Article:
Scientists created a variant of the E. coli bacteria with an entirely synthetic genome, according to a new paper.
Building and replacing the large entire genome set was just one goal of the team from the Medical Research Council Laboratory of Molecular Biology in Cambridge, UK. They hoped that the resulting bacteria would use a reduced number of possible DNA base pair combinations in order to produce the 20 amino acids. In the future, the now-obsolete sequences might be used to produce never-before-seen amino acids and proteins.
The thrust of the paper wasn’t just to rebuild a bacteria’s genetic code, but to simplify redundancies in order to have more genetic code to work with to create custom genomes. Genetic code is written in four letters: A, T, C, and G, which represent the molecules adenine, thymine, cytosine, and guanine. These nucleotides can arrange into 64 three-letter “codons,” most of which correspond to an amino acid, the building blocks of the proteins that allow life to function. All but two of the amino acids are encoded by multiple synonymous codons. The researchers wanted to see if they could rewrite the E. coli bacteria’s genome with fewer codons, like rewriting the dictionary but representing all hard “k” sounds with only the letter k, instead of sometimes using c or q as the English language does.
Producing the genome required first drafting it. The researchers designed a genome where they replaced two codons that encode the amino acid serine with synonyms, and did the same with the stop codon, which tells cellular functions when to stop reading a strand of DNA while building a protein. Then, the researchers built their DNA using the various lab techniques already employed in synthetic biology. Finally, they had to replace the bacteria’s genetic material with the synthetic DNA. They couldn’t just transfer it all over—they had to break their genome into pieces, slowly transplanting bit by bit into living bacteria until they had replaced the entire E. coli genome, according to the paper published in Nature.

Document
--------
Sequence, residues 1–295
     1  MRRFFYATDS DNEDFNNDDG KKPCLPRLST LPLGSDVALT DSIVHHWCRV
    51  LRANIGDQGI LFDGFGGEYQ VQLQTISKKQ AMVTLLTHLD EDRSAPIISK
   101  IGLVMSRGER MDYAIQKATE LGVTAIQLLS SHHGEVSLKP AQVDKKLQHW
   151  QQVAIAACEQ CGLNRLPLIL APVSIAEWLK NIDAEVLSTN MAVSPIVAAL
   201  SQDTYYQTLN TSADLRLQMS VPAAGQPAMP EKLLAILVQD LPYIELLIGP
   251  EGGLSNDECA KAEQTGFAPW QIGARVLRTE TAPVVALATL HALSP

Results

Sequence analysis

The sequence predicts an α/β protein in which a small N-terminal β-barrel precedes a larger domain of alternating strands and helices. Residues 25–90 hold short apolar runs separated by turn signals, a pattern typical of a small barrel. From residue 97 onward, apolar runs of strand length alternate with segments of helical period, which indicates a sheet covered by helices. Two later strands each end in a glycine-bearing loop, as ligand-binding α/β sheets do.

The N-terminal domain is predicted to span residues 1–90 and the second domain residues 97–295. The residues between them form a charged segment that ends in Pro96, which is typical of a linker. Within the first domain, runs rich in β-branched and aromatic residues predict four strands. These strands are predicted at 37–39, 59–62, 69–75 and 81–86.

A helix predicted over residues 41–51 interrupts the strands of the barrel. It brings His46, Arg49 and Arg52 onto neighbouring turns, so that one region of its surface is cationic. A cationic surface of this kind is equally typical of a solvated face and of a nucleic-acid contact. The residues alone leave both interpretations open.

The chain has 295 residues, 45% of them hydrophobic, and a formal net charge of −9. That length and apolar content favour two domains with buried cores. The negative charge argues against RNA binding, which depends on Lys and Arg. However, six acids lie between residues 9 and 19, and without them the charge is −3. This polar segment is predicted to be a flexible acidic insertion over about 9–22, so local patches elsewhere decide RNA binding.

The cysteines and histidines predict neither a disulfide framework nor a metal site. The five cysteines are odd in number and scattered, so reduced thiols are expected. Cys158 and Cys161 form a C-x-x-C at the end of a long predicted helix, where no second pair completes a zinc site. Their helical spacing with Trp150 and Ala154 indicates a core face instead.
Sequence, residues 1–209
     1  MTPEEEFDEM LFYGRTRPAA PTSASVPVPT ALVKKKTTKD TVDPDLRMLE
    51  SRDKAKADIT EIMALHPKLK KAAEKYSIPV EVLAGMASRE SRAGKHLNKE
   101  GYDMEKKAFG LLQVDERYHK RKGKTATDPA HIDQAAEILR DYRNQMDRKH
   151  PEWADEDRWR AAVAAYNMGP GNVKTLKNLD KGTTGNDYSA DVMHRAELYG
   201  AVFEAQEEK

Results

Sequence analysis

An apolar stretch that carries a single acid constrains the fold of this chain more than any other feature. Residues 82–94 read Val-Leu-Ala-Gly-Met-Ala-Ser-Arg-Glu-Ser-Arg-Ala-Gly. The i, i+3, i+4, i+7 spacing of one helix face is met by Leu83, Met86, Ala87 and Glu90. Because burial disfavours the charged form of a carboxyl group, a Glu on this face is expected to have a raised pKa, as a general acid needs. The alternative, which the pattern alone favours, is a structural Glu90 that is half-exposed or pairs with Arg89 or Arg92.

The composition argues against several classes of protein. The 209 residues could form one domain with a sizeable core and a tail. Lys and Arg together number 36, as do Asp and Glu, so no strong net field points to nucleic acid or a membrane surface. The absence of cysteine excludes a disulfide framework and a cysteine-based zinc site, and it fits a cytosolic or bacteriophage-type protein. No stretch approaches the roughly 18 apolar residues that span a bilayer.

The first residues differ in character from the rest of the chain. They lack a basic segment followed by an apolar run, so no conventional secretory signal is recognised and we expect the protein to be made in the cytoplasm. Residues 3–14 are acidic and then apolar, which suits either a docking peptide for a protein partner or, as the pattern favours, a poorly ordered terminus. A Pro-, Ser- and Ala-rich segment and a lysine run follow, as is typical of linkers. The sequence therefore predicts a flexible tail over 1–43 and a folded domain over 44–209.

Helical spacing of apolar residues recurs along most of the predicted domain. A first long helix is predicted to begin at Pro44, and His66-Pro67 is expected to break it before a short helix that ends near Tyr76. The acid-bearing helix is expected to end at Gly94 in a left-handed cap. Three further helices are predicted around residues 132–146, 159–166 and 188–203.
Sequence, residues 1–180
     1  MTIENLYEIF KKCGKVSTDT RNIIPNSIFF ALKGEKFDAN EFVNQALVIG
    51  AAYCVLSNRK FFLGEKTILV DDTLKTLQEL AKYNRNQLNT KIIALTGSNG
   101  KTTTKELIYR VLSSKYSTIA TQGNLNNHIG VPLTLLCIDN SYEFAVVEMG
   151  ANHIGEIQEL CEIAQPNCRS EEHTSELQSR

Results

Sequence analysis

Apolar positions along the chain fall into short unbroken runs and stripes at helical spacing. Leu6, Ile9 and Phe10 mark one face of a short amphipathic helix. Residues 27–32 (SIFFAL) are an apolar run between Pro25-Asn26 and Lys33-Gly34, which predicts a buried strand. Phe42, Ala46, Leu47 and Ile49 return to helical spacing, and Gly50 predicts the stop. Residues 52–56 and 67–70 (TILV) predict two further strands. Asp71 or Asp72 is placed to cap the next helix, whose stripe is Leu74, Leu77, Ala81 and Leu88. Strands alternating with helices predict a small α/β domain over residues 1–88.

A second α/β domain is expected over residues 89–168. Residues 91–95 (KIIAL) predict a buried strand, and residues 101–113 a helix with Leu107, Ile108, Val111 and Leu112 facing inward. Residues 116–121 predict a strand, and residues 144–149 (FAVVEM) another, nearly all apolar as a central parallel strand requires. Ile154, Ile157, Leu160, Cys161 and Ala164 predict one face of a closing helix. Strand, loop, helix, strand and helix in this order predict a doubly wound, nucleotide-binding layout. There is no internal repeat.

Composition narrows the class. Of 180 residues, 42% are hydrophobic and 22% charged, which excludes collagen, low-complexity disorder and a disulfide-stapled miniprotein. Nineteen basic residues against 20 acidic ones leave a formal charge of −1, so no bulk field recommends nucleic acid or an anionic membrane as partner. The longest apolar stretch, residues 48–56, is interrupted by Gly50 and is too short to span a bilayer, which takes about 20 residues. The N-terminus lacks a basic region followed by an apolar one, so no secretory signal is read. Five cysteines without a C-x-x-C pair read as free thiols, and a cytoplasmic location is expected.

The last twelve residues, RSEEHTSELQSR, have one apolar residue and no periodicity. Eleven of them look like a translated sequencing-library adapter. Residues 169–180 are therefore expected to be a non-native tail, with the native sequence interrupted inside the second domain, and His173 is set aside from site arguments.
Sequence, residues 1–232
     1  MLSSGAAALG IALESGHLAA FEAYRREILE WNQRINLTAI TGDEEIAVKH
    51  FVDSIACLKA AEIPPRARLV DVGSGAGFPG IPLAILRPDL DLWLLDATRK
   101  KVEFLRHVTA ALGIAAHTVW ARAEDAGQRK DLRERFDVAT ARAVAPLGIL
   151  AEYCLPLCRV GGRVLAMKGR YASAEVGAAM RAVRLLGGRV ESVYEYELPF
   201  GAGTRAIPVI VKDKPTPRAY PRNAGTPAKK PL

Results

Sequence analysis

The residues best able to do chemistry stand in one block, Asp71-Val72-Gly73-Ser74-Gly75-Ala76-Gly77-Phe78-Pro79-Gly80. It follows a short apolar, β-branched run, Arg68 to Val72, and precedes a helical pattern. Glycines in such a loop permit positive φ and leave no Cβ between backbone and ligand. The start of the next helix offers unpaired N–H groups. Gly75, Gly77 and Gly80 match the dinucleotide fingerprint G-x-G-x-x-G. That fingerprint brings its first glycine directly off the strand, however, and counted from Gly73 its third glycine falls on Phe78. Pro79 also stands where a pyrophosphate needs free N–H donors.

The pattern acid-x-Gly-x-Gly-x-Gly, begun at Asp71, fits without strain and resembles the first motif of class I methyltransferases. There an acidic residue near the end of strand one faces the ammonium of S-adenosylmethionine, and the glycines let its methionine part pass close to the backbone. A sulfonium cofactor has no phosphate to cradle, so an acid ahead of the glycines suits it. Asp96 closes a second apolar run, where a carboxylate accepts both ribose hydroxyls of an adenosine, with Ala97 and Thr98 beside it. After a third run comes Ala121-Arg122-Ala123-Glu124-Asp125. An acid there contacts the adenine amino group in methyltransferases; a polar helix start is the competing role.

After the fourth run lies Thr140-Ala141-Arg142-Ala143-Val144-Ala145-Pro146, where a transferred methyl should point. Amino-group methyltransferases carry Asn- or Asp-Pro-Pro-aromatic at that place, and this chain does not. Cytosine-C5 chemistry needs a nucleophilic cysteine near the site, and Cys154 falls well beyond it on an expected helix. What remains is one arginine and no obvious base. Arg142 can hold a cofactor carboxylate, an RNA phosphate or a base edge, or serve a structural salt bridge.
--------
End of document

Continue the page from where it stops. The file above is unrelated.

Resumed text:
The E. coli survived, though they grew slower and were longer, according to New York Times reporting. But the new E. coli cells relied on only 61, rather than 64 total codons.
It was a tour de force, one scientist told Gizmodo. “For those of us who work in synthetic genomics, it’s the headline, most exciting thing; they synthesised, built, and showed that a 4-million-base-pair synthetic genome could work,” Tom Ellis, director of the Centre for Synthetic Biology at Imperial College London who reviewed the paper, told Gizmodo. “It’s more than anyone had done before.”
Science-fiction speculation aside, there are several potential uses of a synthetic genome like this. There are obvious biotechnological applications—removing the redundancies allows researchers extra codons to experiment with, potentially to develop new amino acids, proteins, and bacteria that can do new things. The codon swap is also a firewall against viruses that might try to hijack the cell, said Ellis. It’s a rapidly evolving field, and this is just one of several groups in the midst of performing these kinds of genome swaps.
The methods that the researchers used to swap the genome provide “a blueprint for future genome synthesis,” according to the paper. And next up, the researchers hope to figure out how much more they could streamline the E. coli genome, as well as what they can do with the codons that they’ve freed up.